Lena Willikens is not only the first female DJ to curate a compilation for Dekmantel's Selectors series, but also the first to put the emphasis on previously unreleased music rather than dusty-fingered crate-digging gems. That's not to say there aren't excellent older cuts present - see the decidedly psychedelic brilliance of Sandoz's ambient dub earworm "Morning Star (Dubmix)" and the trippy 2001 industrial dub techno of Vromb's "Amalgame" - just that there are a few more previously unheard killers. These include, but aren't limited too, the drowsy broken techno of Jasss's "Little Lines", Parrish Smith's jacking industrial house shuffler "Minima" and the druggy, mind-altering synthesizer soundtrack throb of Borusiade's intoxicating "Night Drive (An Exercise in Indulgence)".
We are always excited to explore the deeper side of tech-inspired dance music, and with this EP, J Albert has done just that. Straight from the off on 'Designer Life' we are treated to delicious soundscaping, amidst subtle percussive inputs and sweeping atmospherics. The same can be said for 'Desperate Riddim' which takes similar ideals down a more breakbeat route. The title track 'Envy Turned Curiosity' arrives next which embraces a more syncopated drum flavour, whilst the 808 rolls of 'Money Between Friends' provides the perfect plateau to round the project off in style.
Well, this is set to be a rather special affair. For starters, we're big fans of Italy's Stroboscopic Artefacts label; the sound and vision has been both consistent and refreshing since their early records were dropping about three years back. On top of that, they have always associated himself with the absolute maestros of modern electronic music, whether danceable or not danceable. As such, the imprint has grouped the very best Italian producers on the market right now, with Andrea Belfi, Marco Shuttle, Alessandro Adriani, Chevel Lucy, and Neel all making an appearance, as well as Rome's legendary techno master Lory D. However, none of them are in a particularly feisty mood. Instead, this is a wonderful compilation made up of one consistent vibe...a deep and wondrous wave of sonics that never truly evolves into techno, but that at the same time never fully dissolves into total abstraction. Recommended.
You can always trust Downwards to release unconventional music, and Image Certifies is no exception. Ora Iso is a collaboration between Kathleen Malay and Jason Kudo, and this album reflects on the time that they both spent living in New York. Tellingly, it is also a "love letter to a society dying of its own self-induced cancers". On tracks like "Deep Fix" and "Dead Riot", with their strangled guitars and Malay's troubled tones, it's not hard to hear why they dedicated it to the collapse of every day life. On other occasions, like "No Fish" or "Digital Crutch", the pair veer into the type of abstractions that Sandra Electronics specialise in, but this is still a work suited for troubled times, as the mutant noise and shrieks of "Have I Gone to Far" so ably demonstrate.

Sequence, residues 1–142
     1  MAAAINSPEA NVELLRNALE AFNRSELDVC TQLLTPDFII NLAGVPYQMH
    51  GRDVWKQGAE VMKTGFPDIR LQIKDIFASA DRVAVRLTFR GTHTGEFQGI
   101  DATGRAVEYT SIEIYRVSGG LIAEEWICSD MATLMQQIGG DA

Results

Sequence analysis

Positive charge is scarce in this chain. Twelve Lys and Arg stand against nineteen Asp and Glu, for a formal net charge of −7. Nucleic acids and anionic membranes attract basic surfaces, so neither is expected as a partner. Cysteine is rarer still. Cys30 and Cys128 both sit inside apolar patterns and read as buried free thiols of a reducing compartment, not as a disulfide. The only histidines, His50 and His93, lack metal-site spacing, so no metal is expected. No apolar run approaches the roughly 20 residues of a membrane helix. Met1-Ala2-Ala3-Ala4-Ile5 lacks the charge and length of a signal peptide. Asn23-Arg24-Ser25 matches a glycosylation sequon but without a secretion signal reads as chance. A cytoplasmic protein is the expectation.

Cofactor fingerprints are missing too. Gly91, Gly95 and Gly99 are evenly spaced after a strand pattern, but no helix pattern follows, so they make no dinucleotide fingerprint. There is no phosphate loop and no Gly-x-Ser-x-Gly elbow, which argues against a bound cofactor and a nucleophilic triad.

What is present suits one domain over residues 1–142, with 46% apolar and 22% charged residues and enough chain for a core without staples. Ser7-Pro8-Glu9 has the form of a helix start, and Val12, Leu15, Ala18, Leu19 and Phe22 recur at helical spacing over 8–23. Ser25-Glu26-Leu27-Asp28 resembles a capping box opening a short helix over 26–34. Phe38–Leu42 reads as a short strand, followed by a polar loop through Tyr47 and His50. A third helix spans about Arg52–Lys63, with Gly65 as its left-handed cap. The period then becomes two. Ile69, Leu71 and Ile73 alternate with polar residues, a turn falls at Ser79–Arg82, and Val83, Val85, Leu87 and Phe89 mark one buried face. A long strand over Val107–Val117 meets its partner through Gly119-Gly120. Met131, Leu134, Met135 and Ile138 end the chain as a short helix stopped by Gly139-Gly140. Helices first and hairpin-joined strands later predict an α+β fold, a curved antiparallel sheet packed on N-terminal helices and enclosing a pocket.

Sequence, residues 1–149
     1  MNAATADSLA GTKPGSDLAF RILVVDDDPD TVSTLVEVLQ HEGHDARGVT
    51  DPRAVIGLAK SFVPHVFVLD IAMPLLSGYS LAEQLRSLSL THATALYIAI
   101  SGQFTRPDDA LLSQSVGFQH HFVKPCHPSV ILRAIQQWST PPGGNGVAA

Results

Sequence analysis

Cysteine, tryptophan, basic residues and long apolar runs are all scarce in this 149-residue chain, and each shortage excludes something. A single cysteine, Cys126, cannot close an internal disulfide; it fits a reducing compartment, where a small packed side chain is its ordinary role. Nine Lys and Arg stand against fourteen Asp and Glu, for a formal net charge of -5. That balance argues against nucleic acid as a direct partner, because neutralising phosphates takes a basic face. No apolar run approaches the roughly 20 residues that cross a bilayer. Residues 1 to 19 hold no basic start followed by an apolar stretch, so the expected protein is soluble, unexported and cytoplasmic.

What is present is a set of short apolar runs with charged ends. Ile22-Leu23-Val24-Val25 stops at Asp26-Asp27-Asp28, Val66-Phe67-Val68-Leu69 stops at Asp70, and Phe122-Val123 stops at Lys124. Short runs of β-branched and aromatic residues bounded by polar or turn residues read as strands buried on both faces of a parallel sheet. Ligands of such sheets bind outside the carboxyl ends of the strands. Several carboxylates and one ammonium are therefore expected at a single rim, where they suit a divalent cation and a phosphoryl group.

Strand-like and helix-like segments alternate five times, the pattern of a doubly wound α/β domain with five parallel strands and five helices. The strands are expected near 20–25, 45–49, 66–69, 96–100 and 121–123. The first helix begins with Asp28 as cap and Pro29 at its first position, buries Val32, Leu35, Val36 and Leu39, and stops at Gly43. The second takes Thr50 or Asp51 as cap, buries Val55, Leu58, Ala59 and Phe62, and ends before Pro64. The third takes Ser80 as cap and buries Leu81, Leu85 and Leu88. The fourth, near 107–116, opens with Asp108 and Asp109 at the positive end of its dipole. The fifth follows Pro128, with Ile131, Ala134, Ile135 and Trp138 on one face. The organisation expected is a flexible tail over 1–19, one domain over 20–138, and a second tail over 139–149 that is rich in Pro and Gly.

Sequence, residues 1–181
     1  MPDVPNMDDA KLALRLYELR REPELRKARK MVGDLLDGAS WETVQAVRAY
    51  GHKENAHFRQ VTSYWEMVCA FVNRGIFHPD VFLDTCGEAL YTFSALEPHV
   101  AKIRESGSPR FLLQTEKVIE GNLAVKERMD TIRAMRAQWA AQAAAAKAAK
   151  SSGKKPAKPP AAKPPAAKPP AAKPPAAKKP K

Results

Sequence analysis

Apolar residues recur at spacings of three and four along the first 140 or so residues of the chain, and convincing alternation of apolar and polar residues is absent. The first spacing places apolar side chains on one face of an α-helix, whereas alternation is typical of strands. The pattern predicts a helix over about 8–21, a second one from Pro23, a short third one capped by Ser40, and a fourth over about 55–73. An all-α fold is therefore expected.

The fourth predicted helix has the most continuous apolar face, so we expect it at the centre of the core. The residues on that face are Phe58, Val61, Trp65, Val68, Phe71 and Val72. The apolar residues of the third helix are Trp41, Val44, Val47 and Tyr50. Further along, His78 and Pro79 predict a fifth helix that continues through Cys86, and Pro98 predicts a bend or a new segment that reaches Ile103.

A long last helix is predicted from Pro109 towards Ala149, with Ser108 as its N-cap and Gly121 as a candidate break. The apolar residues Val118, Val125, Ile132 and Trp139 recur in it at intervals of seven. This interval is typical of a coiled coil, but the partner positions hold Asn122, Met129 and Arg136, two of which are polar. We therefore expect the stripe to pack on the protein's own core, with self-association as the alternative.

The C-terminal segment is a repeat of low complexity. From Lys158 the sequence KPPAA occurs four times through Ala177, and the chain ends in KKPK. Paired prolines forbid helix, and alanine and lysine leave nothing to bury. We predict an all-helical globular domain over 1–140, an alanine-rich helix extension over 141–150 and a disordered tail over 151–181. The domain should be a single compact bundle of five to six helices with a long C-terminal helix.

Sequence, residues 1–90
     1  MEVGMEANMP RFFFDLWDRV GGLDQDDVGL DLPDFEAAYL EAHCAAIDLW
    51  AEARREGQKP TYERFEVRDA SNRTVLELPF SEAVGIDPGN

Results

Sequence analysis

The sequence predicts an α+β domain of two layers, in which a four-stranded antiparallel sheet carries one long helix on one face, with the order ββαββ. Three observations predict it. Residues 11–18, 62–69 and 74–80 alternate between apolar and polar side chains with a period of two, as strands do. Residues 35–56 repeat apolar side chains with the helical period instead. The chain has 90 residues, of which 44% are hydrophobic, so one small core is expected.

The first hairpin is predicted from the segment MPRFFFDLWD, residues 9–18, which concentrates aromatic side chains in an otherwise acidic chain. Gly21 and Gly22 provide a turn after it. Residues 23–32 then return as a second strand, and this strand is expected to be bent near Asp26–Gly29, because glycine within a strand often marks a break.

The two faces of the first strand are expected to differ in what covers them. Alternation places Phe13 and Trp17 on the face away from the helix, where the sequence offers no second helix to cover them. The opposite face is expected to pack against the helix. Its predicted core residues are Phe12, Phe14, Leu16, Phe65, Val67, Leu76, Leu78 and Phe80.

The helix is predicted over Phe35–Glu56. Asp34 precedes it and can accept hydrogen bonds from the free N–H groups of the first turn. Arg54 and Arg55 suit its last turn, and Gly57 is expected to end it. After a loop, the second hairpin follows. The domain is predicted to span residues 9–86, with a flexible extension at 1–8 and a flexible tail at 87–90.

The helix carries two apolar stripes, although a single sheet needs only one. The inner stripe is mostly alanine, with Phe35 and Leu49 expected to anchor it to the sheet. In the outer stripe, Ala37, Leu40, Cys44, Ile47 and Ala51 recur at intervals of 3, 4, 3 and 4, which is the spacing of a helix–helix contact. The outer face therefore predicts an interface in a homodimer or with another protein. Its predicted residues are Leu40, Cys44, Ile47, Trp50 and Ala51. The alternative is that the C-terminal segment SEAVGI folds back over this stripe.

La Mecanica Popular is the sound that is coming out of the more traditional house and techno equation, filtering through on our charts with a tropical edge that merges just about all the facets of world-dance music possible! Peruvian, Colombian, Cuban, and North American influences are blended up and served to you on a platter, via the currently unstoppable Names You Can Trust label. There are six parts here, all of them showcasing something to do with the carnival atmosphere, at times speeding up into high-tech percussion or otherwise offering moody, seductive waves of pseudo-balearica. In a nutshell, this is the very best of what contemporary world-dance has to offer. 10/10.
After making his name on the mythical Dial imprint, probably the most reliable source of organic micro-house on the market, producer John Roberts has instilled his sound further thanks to his own Brunette Editions, and this new EP takes him one step closer to total abstraction. Compared to his earlier deep house work, that is. From the start of the title track "Spill" through to "Wrecked" and "Fluid", we have a incredibly rich picture of what this artist can do in terms of sound sculpting, and the movement he creates with such hollow elements is eye-opening. For peeps who like their electronica to come from a more dance-centric medium, this is the best thing to have landed this month. Roberts on form.
The CLR affiliated German producer Sascha Borchardt aka Monoloc inaugurates his new label here named Unterland - a collaboration with Beauty of Inconsequenz entitled the Storyline EP. Based heavily on field recordings, this collection of brooding soundscapes have a cinematic score throughout. Full of tension and suspense, this imaginary soundtrack is the perfect score to a horror film. Although trying to fit within a very particular aesthetic, there is still quite a variety of moods within their sonic framework: from the dank and dust covered deep-dubstep of "Gentle Shift" or "Thrilling" to the pitch black ambient drone of "Flowing" or the textural noise abrasion of "Unterhalb": brace yourself! Forthcoming Material will come from Monoloc himself and friends, and each release will aim to 'tell a story' throughout their planned productions thus far.